I also want to comment on a few plot holes. How did the good Native American know where the white girl was? How did he know where the bad Native Americans were? How did he know about the killings at all? He was at the killing site at the end of the pilot, and yet by that time the only person who could have known about the killings was O’Brien from Star Trek, as O’Brien from Star Trek hadn’t reached Hell on Wheels yet to tell anyone else. Also, how did the protagonist know about O’Brien from Star Trek’s need to lay a certain amount of track before the federal government pays him? The protagonist says “Everybody knows…” but that doesn’t sound like common knowledge to me. Hell, if the federal government knew the practices that O’Brien from Star Trek was doing to get the amount of track he needs (at a cost to the government), wouldn’t the government step in and put a stop to everything? I don’t know. It’s silly. And what, exactly, is the importance of the white girl lost in the wilderness? She has maps or something, OK, but so what?  Oh and how silly is it that at the end of the episode the protagonist finds his wife’s stitching in the pocket of the man he killed last episode? OK yeah, that’s believeable…

When it comes down to it, Hell on Wheels is an show that desperately wants to be interesting and taken seriously but isn’t quite there yet. The characters are bland and uninteresting (I can’t even remember their names!), the plot is vague and full of small holes, and the dialogue is painfully bad. And yet, it is interesting enough to make me want to watch it again. Maybe to just see if they can salvage what they have.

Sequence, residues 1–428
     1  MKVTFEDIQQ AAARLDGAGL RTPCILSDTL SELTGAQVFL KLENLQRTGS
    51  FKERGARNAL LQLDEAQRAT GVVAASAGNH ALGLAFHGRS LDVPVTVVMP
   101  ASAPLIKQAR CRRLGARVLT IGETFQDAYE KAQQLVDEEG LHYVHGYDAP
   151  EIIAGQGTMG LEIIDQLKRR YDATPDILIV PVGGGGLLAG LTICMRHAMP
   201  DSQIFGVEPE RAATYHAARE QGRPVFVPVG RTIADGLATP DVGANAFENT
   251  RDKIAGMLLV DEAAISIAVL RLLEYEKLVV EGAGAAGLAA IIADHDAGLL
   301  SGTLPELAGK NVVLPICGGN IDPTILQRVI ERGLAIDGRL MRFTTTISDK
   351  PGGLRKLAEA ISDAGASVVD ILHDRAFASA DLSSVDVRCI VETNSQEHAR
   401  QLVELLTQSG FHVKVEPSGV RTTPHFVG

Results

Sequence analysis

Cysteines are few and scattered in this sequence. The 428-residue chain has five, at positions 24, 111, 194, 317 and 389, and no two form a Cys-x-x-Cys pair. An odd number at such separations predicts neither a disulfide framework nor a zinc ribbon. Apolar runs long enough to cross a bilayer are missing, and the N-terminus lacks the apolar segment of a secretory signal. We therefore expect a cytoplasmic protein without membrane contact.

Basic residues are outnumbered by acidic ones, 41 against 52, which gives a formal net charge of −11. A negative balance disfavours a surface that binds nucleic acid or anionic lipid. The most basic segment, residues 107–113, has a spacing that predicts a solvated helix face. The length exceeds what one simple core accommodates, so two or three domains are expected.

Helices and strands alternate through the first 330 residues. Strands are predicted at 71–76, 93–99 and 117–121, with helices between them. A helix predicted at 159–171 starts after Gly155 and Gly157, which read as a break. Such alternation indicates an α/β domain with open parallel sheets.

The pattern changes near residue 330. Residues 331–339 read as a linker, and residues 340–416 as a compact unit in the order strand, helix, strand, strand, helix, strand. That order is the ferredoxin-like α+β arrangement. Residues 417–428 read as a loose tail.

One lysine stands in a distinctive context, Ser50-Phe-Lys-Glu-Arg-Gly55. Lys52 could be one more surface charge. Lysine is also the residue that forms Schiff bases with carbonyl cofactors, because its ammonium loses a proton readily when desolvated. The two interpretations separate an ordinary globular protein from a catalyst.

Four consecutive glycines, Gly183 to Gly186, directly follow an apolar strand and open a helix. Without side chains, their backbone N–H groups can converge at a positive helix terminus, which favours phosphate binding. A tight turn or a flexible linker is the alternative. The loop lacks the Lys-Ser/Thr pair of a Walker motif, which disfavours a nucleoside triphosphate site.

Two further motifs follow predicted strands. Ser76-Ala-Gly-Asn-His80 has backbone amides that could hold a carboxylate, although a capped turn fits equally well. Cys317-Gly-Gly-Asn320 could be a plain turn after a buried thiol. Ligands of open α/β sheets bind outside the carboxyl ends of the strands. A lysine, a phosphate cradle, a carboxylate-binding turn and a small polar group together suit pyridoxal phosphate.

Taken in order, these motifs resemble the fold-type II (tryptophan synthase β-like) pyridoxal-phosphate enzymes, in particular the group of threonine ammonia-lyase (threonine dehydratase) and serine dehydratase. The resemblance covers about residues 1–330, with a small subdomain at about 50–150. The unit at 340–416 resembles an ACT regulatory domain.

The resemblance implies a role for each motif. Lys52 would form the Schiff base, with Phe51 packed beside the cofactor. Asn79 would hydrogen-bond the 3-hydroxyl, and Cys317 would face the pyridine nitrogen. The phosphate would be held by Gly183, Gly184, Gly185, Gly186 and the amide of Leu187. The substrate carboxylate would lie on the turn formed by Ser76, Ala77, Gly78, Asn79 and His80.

Pilot – Alec Cuccia

November 8, 2011

I made the disastrous decision to read a few reviews of the Hell on Wheels pilot before I went and actually watched the show. Mostly all the reviews told me the same things: the plot was derivative, the acting was spotty, and the whole thing was just generally boring. Well, now that I’ve seen the show, I agree with all of it. The Hell on Wheels pilot bored me. If I didn’t have to watch it for class I wouldn’t have watched it all. I love Westerns, but I have a very low threshold for bad Westerns. That’s not to say that Hell on Wheels was Bad (with a capitol B), it just wasn’t good. It was muddled. It tried to weave together many different plot lines that seem wholly independent. The best shows can pull this off in a way that makes the viewer care about how and why the plot lines need to be entertwined, but I found myself asking, again and again throughout the pilot, why? Why should I care? Why does any of this matter? It was a question I couldn’t answer.

This isn’t to say the production values on the show were any short of amazing. Hell on Wheels did an excellent job in drawing me into the period in which it’s set. Maybe It’s just because 1860’s America wasn’t that long ago, but it all seemed very real to me. The set pieces, the characters all seemed like they could be quite possible. I’m unsure as to why AMC decided to mute the colors on the show so heavily though. It adds very little. The show isn’t a flashback… Were colors simply less bright 150 years ago? It’s a silly decision that screams to me that the show is trying to take itself too seriously in ways that add nothing but superficiality.

A comment on the last scene of the pilot. I don’t remember his name (not a good thing), but when O’Brien from Star Trek started pontificating about zebras to no one in particular, I felt that Hell on Wheels had jumped the shark. Which is an awful feeling to have about a show’s first episode. This is not a crazy man we’re talking about here, just a greedy one. He didn’t have a crazy soliloquy into nothingness, he had a one sided argument with two empty chairs. He was trying to convince the chairs of what he was saying. Why would he do this? What was the point of this soliloquy other than allowing O’Brien from Star Trek to rave on and on for five minutes? And what was the point of inter cutting random scenes of the other characters into the raving? What O’Brien from Star Trek was saying had nothing to do with the other characters. It was just… weird. I honestly don’t understand the point of it all beyond the show jumping up and down screaming “look at me! I have interesting things to say! Look look!” No thank you.